Close

King Edward's School BATH

the lion, the witch and the wonderland!

the lion, the witch and the wonderland!

Banner Gallery Images

 

23 May 2019

Forget the ‘Game of Thrones’ finale, if you’re looking for an epic battle between forces of good and evil, complete with wolves, evil queens, witches,  poisoned dwarves and kick-ass fight scenes,  the hottest ticket in town is the KES Lower School production of The Lion, the Witch and the Wardrobe.  C. S Lewis’ timeless tale of betrayal, sacrifice and coming-of-age is brought stunningly to life in the Wroughton Theatre in this brilliantly inventive and sublimely beautiful ‘song of ice and fire’ that resonates with the ‘deep magic’ of Narnia.

Set in the round, this is an utterly immersive experience for the audience. The action opens with wailing air-raid sirens and then the four Pevensey children stumble onto stage: sensible Susan (Edie Bourne-Jones); perfect Peter (Noah Murray); little Lucy (Annika Moorhouse) and  - erm – obnoxious Edmund (Ollie Featherstone).  In tank tops and knee socks, this famous four wonderfully embody the quintessentially English school children of Lewis’s classic tale: Peter and Susan burdened down with older sibling responsibility, Edmund sullen and resentful, Lucy over-awed and over-looked.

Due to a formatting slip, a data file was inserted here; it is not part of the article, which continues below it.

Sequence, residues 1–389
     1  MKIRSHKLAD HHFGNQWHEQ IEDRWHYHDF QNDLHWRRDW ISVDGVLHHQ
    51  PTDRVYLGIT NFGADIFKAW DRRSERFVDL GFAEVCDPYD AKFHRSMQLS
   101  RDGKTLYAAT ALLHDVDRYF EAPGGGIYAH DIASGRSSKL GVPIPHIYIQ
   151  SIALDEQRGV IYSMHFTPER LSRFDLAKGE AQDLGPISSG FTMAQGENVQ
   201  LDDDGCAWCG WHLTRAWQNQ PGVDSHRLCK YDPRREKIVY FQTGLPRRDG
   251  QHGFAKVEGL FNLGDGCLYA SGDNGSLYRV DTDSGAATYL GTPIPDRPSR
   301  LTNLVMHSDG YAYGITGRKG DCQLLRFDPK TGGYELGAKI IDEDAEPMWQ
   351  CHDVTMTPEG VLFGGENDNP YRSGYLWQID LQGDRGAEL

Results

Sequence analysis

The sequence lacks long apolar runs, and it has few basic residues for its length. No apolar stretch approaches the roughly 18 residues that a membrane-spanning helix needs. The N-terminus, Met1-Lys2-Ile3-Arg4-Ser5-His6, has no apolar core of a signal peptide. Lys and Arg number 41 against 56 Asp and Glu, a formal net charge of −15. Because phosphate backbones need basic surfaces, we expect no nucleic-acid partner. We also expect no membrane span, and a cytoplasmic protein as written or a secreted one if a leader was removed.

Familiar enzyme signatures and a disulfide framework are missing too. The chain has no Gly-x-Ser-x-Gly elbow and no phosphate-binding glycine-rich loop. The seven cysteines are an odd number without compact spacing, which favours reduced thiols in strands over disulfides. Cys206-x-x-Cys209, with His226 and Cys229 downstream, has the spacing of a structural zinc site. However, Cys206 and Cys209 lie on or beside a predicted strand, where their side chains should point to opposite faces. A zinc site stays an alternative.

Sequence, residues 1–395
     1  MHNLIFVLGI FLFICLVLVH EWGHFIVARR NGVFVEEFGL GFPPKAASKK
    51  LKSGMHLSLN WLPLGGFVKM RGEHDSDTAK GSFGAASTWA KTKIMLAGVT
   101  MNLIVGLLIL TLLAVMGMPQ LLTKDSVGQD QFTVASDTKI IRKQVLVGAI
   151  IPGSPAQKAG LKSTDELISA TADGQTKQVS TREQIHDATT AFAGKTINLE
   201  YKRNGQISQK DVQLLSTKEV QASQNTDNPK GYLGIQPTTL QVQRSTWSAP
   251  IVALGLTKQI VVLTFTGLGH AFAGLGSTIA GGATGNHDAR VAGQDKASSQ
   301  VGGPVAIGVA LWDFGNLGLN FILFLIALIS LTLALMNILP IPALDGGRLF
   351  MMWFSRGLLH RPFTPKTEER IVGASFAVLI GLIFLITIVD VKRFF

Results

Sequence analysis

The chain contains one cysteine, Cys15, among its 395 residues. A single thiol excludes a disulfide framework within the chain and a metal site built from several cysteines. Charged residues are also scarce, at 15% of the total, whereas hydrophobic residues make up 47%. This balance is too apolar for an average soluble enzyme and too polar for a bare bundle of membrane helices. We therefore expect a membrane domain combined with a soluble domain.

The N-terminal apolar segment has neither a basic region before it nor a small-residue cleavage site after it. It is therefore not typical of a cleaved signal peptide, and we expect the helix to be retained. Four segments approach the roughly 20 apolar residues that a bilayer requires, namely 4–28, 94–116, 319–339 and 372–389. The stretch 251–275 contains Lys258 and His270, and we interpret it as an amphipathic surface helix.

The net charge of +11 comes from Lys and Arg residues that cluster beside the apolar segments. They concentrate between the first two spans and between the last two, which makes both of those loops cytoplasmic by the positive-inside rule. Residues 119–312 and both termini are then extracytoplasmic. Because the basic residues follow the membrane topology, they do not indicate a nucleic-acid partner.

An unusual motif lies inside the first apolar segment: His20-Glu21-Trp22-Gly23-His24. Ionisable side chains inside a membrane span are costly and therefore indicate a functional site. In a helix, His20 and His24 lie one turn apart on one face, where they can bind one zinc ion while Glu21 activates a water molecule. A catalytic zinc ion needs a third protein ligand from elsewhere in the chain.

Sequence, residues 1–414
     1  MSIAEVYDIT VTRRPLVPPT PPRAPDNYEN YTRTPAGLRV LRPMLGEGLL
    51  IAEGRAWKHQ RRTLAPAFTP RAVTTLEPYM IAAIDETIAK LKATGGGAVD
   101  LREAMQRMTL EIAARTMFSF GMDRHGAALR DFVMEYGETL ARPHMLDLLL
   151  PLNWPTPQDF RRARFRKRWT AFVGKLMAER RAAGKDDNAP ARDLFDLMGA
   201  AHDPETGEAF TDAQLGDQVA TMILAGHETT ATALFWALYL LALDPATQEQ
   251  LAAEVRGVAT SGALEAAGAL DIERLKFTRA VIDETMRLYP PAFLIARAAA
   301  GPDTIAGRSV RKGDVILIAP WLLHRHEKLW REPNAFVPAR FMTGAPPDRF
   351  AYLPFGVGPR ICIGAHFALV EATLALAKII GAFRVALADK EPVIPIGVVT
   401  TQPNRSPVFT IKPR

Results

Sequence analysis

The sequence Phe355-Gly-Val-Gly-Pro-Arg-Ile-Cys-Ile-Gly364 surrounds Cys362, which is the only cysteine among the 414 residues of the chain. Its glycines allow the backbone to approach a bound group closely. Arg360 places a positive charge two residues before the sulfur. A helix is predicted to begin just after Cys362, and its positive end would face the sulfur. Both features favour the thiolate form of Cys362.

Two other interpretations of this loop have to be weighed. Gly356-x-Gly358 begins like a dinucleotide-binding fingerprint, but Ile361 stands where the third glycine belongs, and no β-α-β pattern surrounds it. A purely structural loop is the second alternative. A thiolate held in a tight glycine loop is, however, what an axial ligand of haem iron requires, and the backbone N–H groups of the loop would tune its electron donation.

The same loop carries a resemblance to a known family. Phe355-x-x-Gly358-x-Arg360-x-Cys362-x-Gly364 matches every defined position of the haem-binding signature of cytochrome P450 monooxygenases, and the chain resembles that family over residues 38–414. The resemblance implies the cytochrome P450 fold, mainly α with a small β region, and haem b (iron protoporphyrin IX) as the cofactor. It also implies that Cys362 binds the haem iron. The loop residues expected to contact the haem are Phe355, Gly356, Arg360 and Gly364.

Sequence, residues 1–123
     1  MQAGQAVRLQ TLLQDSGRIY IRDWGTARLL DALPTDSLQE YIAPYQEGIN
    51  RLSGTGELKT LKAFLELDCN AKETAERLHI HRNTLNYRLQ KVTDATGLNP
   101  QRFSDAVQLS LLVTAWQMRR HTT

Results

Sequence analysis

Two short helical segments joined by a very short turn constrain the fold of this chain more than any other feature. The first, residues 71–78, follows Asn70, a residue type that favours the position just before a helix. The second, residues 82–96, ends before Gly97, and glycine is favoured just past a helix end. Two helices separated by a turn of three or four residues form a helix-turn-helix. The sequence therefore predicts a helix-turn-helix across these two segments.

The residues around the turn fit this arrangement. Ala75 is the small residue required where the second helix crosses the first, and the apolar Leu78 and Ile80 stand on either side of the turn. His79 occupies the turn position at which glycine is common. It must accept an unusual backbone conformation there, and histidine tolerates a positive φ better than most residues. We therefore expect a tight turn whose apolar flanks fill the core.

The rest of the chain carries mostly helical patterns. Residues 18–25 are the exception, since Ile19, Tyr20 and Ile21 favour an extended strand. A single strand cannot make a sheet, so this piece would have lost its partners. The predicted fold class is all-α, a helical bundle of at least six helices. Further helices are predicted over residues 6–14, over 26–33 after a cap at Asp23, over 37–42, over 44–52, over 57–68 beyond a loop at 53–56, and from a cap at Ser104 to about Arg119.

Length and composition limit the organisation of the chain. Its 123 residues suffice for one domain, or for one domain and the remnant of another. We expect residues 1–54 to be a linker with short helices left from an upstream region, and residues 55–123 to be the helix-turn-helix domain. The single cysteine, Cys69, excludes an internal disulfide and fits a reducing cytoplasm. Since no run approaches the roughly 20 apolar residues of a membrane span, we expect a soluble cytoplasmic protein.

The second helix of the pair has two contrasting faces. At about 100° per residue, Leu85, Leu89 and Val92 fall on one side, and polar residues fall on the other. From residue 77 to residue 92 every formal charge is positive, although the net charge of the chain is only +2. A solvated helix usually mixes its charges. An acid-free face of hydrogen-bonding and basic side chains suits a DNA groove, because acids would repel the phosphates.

They find themselves in the home of  the kindly but eccentric Professor  (Horry Forster and Fabian Drew) and his indominatalble house-keeper (Clotilde Motel and Abigail Baxter) whose attempts to whip the children ‘spit-spot’ into shape only lead to more sibling rivalry – and eventually to the eponymous wardrobe. 

As Lucy tumbles through a forest of fur coats, the real magic begins. The stage miraculously transforms  - through the wizardry of the magic makers - to a land of snow, silken trees and a floating lamp-post; a realm of dancing fauns, leopards, elves, dryads; a world  where houses fly, where tables and chairs and afternoon tea floats  in through the air; a land of eternal winter with no Christmas  - that is,  until the unforgettable appearance of Santa (Jacob Coutts) who sweeps on stage  like the greatest showman, replete with two very glamorous assistant elves (Alice Cochrane and Ariana Moayedi)!